Pseudomonas Syringae

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- Pseudomonas syringae and the type III secretion system:
P. syringae is a gram-negative, rod-shaped bacterium responsible for many diseases on woody plants. It acts opportunistically targeting plants wounded from abiotic or biotic factors. P. syringae is responsible for some severe crop diseases such as bacteria speck, spot, and blight of tomato and soybeans. Interestingly, it has a vast host range with over 50 pathovars. The success of the pathogen is attributed to its specificities (Sarkar & Guttman, 2004). How it has obtained these specificities has been investigated, and HGT is believed to be a driving factor allowing for host ‘jumps’ (Hanekamp, Kobayashi, Hayes & Stayton, 1997). A study by Sakar et al. (2006) used comparative genomics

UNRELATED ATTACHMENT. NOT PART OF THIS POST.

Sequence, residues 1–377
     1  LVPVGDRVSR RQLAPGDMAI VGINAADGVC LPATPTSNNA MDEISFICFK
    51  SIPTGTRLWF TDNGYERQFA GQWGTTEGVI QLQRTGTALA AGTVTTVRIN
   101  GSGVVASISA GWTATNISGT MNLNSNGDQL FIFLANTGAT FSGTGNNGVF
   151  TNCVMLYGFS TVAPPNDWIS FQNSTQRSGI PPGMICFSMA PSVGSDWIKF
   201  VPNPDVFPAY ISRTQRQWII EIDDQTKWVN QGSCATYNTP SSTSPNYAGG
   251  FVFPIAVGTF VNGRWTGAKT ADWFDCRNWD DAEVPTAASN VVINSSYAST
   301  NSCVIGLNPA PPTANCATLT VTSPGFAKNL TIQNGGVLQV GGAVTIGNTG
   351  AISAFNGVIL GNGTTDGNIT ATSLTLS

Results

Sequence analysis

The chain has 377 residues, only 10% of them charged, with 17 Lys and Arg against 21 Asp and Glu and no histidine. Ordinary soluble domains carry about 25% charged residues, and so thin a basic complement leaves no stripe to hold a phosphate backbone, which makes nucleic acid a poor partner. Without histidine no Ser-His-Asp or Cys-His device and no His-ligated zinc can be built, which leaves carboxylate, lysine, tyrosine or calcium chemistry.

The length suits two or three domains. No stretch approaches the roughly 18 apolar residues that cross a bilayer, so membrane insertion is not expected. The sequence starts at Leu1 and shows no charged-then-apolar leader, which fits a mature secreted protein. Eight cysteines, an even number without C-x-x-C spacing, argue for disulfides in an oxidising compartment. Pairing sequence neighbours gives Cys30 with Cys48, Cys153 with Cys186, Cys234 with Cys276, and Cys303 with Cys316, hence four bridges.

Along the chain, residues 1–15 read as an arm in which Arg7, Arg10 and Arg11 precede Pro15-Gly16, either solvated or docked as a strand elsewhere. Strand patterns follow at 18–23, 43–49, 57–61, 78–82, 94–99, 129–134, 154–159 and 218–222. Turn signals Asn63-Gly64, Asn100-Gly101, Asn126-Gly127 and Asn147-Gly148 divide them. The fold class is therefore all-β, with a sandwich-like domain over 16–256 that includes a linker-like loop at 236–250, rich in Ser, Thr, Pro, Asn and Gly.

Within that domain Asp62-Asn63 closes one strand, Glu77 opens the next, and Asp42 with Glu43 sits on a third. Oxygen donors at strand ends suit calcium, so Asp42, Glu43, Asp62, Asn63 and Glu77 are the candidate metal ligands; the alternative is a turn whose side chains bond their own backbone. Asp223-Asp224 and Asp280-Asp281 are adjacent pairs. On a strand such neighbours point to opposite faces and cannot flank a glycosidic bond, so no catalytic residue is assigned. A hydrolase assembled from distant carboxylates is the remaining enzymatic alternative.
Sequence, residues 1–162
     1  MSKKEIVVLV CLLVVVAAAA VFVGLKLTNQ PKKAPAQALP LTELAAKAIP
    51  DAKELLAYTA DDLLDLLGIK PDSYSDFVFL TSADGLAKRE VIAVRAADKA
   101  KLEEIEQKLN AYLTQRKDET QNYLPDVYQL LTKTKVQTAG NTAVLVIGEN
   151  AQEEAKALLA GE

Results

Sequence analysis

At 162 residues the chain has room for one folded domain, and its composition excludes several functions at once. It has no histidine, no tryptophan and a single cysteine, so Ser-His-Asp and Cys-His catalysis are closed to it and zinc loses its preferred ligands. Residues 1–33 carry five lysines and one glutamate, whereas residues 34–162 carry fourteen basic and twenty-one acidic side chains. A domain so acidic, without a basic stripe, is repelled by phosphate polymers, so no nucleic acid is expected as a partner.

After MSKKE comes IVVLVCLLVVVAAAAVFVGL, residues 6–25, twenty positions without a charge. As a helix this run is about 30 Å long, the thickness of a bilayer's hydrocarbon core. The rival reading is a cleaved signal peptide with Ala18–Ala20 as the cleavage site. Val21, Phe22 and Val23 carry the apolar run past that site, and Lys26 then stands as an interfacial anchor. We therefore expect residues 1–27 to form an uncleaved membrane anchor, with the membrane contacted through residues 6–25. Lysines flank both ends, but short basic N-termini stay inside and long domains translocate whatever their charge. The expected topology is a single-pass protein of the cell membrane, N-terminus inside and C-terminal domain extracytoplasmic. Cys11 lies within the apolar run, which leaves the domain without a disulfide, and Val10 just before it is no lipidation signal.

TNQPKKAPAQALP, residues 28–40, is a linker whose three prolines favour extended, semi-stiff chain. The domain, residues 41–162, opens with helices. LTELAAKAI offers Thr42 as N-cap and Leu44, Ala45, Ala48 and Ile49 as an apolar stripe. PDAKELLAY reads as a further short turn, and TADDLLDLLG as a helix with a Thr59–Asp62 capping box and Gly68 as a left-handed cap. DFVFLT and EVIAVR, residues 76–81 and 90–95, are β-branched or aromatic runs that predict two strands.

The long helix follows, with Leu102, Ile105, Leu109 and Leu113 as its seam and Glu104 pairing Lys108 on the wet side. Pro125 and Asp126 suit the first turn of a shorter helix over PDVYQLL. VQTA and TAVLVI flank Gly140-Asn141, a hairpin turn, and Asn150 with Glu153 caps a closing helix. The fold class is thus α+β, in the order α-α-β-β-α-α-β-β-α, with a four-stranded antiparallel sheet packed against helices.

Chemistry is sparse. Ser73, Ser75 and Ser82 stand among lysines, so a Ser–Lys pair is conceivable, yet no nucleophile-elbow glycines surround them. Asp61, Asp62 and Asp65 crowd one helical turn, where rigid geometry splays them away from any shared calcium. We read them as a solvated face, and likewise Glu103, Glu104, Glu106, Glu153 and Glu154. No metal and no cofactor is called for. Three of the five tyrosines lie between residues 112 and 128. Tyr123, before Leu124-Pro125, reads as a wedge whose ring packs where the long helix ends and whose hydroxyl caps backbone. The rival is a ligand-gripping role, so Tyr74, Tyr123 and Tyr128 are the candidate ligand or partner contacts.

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oxysporum is a ubiquitous and diverse fungal pathogen inhabiting the soil. Notably, it is one of the most important plant pathogen species associated with blights, root rots and wilts. F. oxysporum has a broad host range compared to F. graminearum (Fg) and F. verticillioides (Fv) which predominantly infect cereals. Although they are mainly harmless saprobes, many formae speciales found within the F. oxysporum complex can cause disease. Despite host adaptation and specificity being studied within formae speciales, very little is known about the evolutionary origin of the host specificity genes. Previously, the genome of Fg was sequenced and revealed a significantly large number of pathogenicity-related proteins in its genome. Ma et al. (2010) sequenced the genome of four Fusarium species to compare their genetics in relation to pathogenicity. When they compared the genomes of F. graminearum, F. verticillioides, F. solani and F. oxysporum f.sp. lycopersici, oxysporum was found to have four lineage specific (LS) chromosmes that contained genes with roles in signal transduction, virulence effector proteins and transposons. To investigate whether the LS chromosomes could be transferred they performed a coincubation experiment. They found the LS chromosomes were transferred between two members of F. oxysporum. The ease of transfer between species to create new tomato pathogenic genotypes supports a hypothesis that the transmission occurred in a natural setting (Ma et al., 2010). F. oxysporum and F. solani both have LS chromosomes where their repetitive sequences differ, and hence, pathogenicity genes also differ. Interestingly, among the LS chromosome, chromosome 14 of F. oxysporum is enriched in genes encoding secreted effectors such as SIX1,3,4,5,6,7. Some of these have been proven to be virulence factors. It has been suggested that chromosome 14 carries the primary determinants for adaptation of F. oxysporum towards tomato. The effector genes are conserved in

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